Search Images Maps Play YouTube News Gmail Drive More »
Sign in
Screen reader users: click this link for accessible mode. Accessible mode has the same essential features but works better with your reader.

Patents

  1. Advanced Patent Search
Publication numberUS2301913 A
Publication typeGrant
Publication dateNov 17, 1942
Filing dateJan 13, 1940
Priority dateJan 13, 1940
Publication numberUS 2301913 A, US 2301913A, US-A-2301913, US2301913 A, US2301913A
InventorsPreston L Veltman
Original AssigneeTexas Co
Export CitationBiBTeX, EndNote, RefMan
External Links: USPTO, USPTO Assignment, Espacenet
Catalytic treatment of hydrocarbons
US 2301913 A
Abstract  available in
Images(3)
Previous page
Next page
Claims  available in
Description  (OCR text may contain errors)

Patented Nov. 17, 1942 CATALYTIC TREATMENT OF HYDRO- CARBONS Preston L. Veltman, Fishkill, N. Y., assignor, by mesne assignments, to The Texas Company,

New York, N. Y., a

corporation of Delaware N Drawing. Application January 13, 1940, Serial No. 313,759

20 Claims.

This invention relates to the catalytic treatment of hydrocarbons and particularly to the catalytic treatment of petroleum hydrocarbons.

Broadly the invention contemplates treatment of hydrocarbons to effect molecular transformation thereof by contact with a solid substantially non-volatile catalyst comprising a phosphate of a metal of the group set out below associated with a solid metallic fluoride in active form. The invention has particular application to the catalytic cracking of hydrocarbon oil wherein high molecular weight hydrocarbons are converted to low molecular weight hydrocarbons for the production of hydrocarbons suitable for the manufacture of internal combustion motor fuel.

The invention also has application to the reforming of hydrocarbons such as the reforming of naphtha hydrocarbons to improve their value as constituents of motor fuel.

In the catalytic cracking of oils to produce gasoline it has been the common practice to employ as catalysts such materials as fullers earth, kieselguhr, activated clays, artificial zeolites, and synthetic compositions composed essentially of alumina and silica. It has also been proposed to incorporate in such catalysts various metallic oxides, such as the oxides of chromium, molybdenum, etc.

Ordinarily the oil to be cracked is heated and i vaporized and the hot vapors are brought into contact with the solid catalyst under controlled conditions of temperature and pressure. The reaction products, including gas, gasoline hydrocarbons and higher boiling hydrocarbons, are separated in conventional ways. During the conversion coke-like.material is deposited on the catalyst, reducing its activity and ability to catalyze the hydrocarbon conversion, and it becomes necessary to reactivate the catalyst. This is accomplished by burning oil! the coke with a stream of air or thus reactivating the catalyst it may be reused in-cracking additional quantities of oil.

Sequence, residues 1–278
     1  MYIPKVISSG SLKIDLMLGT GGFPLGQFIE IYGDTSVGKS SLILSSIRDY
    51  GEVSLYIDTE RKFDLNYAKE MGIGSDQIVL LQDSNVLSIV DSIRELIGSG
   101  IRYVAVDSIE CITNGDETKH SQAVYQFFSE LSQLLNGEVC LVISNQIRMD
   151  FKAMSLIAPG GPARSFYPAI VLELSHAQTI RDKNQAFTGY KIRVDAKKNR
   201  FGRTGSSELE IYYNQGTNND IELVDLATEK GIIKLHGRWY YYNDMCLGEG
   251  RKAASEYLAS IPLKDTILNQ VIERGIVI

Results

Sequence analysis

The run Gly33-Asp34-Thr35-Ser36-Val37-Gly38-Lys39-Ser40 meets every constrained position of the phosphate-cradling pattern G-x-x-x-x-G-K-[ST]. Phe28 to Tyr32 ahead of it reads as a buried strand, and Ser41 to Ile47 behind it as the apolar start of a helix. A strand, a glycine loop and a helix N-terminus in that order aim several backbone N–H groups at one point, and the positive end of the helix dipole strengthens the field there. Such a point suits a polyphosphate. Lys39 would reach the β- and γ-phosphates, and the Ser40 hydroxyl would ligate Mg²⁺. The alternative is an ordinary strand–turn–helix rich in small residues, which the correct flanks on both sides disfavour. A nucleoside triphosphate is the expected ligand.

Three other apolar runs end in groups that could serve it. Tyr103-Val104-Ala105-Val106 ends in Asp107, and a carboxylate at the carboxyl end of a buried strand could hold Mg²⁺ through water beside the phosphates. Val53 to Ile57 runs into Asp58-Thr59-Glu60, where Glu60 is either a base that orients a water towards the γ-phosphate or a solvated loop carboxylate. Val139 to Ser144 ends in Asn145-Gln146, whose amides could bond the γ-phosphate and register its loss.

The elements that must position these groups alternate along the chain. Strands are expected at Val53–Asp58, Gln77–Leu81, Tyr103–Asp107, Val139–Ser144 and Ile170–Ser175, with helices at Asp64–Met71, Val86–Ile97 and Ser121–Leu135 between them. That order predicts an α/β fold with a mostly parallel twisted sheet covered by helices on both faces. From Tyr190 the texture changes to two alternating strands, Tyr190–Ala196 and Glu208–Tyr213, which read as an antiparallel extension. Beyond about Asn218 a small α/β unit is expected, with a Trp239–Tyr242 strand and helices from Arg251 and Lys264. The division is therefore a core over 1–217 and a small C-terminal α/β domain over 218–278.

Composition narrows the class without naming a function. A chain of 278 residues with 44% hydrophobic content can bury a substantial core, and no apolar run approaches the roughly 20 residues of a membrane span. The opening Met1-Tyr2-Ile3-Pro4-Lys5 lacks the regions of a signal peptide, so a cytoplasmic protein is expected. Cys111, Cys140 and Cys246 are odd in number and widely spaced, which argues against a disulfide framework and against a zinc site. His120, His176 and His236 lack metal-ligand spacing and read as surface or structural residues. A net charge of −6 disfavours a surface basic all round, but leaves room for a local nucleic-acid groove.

It has been found that catalysts comprising solid fluorides 0r fluoride compounds, such as the fluorides of aluminum, chromium and magnesium, dispersed in active form upon solid carrier or supporting materials, are eifective cracking catalysts. V fluoride dispersed upon silica gel, and when used as a catalyst in the cracking of hydrocarbon 011, gives results superior to those obtainable oxygen-containing gas. After these solid fluorides, or fluoride compounds, in association with or dispersed upon a metallic phosphate selected from the group consisting of the phosphates of aluminum, titanium, chromium, iron, uranium, zinc, nickel, boron, lanthanum, and cobalt.

For example, a catalyst comprising aluminum phosphate in major proportion and aluminum fluoride hemihydrate in minor'proportion has been found to be a very effective cracking catalyst producing a high yield of gasoline and relatively low yields of carbonaceous and gaseous materials. This particular catalyst was prepared by treating aluminum phosphate, in the form of a gel or slurry, with solid, finely-divided aluminum fluoride hemihydrate (AlFa. /2H2O). The aluminum phosphate was prepared in the following manner:

987 grams of aluminum chloride-hexahydrate were dissolved in 2.5 liters of distilled water and 471 grams of 85% phosphoric acid were dissolved 'in a separate portion of water sufllcient to form a total volume of 2.5 liters of dilute acid. The two solutions were mixed with thorough agitation.